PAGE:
The Siren is a vocal exercise I do every day. I travel through my vocal range gently making an 'ng' sound to begin warming up. Essentially it is a gentle stretch for the voice, like when you first wake and stretch your muscles in bed. It can also be used to measure the health of the voice and whether it is tired or damaged. Musicians I work with regularly are used to hearing me do this before we jam, but sometimes someone new hears it and wonders whether it is even human. As source for a control device it's more alien than ever.
Adriana Sa works across a range of mediums, creating installations and performing using sensor technologies to explore music in conjunction with light, space, movement, architecture, weather and social contexts.
Adriana's contribution uses ten snippets of recordings of her own work, accessible by turning the dial through particular points. These are modified depending on the amount of noise the user makes in turning the dial itself. This allows for users to recombine her material into their own structures, always mediated through the specific way that the dial has been connected to the sounds.
Dario Sanfilippo was born in Agrigento, Italy, in 1983, grew up in Campobello di Licata, and is currently based in Vienna. He is a freelance composer, performer, sound artist and theorist whose research is focused on the study and exploration of complex dynamical feedback systems and their application in non-conventional sound synthesis and processing techniques, improvised human-machine interaction performances, and autonomous sound installations.
His contribution for the Control installation consists of two cross-coupled cascade FM units in which the modulating oscillators are in turn modulated by the output of the system itself. Here, he also implements his idea of systemic mapping in which feedback relationships are established among the system's variables.
Bill Thompson is a video and sound artist living in the UK. He is a self-described throwback to the 60s and enjoys breaking things to hear what they sound like. More information on his activities can be found on his website
Noize Synth was my first real patch of any consequence in Pure Data (a visual programming language similar to Max/MSP). Created in 2007 and occasionally updated, it has provided hours of material for compositions and improvisations over the years and I still use it today. When I originally programmed it I was interested in noisy, glitchy, nasty sounds - sound design the 'wrong way' - using aliasing, bit reduction, distortion etc. I wanted it to sound like a broken machine but with an organic, evolving nature. The patch uses several oscillators that drift out of tune, distortion (bit reduction) and filter units, different math operations that mess with the waveforms, lots of modulation, and a random settings generator that allows for discovering new sounds.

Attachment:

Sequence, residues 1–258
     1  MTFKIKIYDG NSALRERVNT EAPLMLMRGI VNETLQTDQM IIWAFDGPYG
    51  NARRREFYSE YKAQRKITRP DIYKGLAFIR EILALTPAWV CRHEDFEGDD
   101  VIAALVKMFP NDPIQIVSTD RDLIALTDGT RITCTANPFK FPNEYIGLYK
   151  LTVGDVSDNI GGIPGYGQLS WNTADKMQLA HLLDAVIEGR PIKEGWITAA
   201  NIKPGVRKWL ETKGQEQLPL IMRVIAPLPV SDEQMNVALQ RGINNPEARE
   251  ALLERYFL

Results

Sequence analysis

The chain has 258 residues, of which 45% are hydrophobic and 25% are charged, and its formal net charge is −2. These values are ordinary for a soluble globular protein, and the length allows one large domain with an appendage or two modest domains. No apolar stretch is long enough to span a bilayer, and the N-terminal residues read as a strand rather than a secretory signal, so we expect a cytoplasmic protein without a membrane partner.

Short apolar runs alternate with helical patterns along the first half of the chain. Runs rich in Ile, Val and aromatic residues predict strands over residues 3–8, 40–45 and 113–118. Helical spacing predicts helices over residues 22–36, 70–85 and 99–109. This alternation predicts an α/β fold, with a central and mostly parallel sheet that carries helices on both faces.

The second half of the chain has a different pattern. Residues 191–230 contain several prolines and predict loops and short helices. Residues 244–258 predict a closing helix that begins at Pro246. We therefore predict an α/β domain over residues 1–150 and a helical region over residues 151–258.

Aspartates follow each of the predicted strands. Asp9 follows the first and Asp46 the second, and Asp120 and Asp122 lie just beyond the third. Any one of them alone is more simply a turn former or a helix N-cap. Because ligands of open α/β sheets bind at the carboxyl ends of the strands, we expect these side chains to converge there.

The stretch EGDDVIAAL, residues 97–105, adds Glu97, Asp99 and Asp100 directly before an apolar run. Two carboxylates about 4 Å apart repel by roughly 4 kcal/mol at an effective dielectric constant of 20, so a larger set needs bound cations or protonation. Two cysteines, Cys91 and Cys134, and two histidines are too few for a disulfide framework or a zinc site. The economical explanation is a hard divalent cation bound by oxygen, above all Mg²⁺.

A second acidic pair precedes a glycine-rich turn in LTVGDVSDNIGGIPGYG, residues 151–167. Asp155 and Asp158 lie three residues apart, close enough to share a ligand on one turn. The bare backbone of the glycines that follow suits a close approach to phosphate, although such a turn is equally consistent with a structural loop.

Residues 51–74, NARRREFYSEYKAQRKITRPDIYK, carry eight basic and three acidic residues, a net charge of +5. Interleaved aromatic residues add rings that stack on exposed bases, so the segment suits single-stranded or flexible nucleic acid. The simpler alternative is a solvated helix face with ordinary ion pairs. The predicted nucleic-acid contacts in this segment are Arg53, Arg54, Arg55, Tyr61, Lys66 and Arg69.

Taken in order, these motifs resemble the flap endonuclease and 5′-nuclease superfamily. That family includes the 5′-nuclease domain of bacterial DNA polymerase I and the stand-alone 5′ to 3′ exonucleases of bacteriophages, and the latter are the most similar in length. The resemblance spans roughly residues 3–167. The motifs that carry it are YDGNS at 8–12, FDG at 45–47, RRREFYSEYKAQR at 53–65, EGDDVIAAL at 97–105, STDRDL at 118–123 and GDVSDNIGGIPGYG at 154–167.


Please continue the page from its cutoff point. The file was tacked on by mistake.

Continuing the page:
Artur Vidal is a Spanish-born saxophone player and sound artist who grew up in Paris and currently resides in London. As such, he has performed in Europe, Asia and America. His work is interested in listening and improvisation. As an active member of the improvised music scene, he has been playing and recording with musicians who include Eddie Prévost, Phil Durrant, Jennifer Allum, Roger Turner and Sébastien Branche, with whom he makes up the improvising saxophone duo 'Relentless'.He has currently completed an MA in Sound Arts and started in 2013 a research degree at London College of Communication about silence, listening and sociality in Improvised Music.
Hearing Ranges: What if listening was a human technology in the same way as trains, phones or mince pies? And how, if this was true, would non-humans deal with this matter? This piece proposes a listening machinery related to these questions that brings together on a single dial the hearing ranges of a mouse, rat, hamster, rabbit, guinea pig, dog, cat, pig, macaque, human, turtle, bullfrog and pigeon.
Tim Yates is a sound artist and composer working in a variety of media from found objects to interactive software installations. He makes, builds and finds instruments of all kinds for performance and installation, most recently installing a 3.6m tall gong made from an industrial circular saw blade in the Turbine Hall of Tate Modern. He is one of the co-founders of Hackoustic.org, a group dedicated to hacking and experimenting with sound, which runs out of the London Hackspace and the founder of the Carousel Collective. He is a classically trained guitarist and holds a Masters degree in composition from the Royal College of Music.
Sinette begins with the most basic building bock of sound synthesis, the sine wave, and builds a complex malleable sounds using the magic of additive synthesis. Even restricted to only one control knob, it's still possible to create an infinite number of rich, diverse and captivating sounds using the simplest of techniques.
image courtesy of the Open Data Institute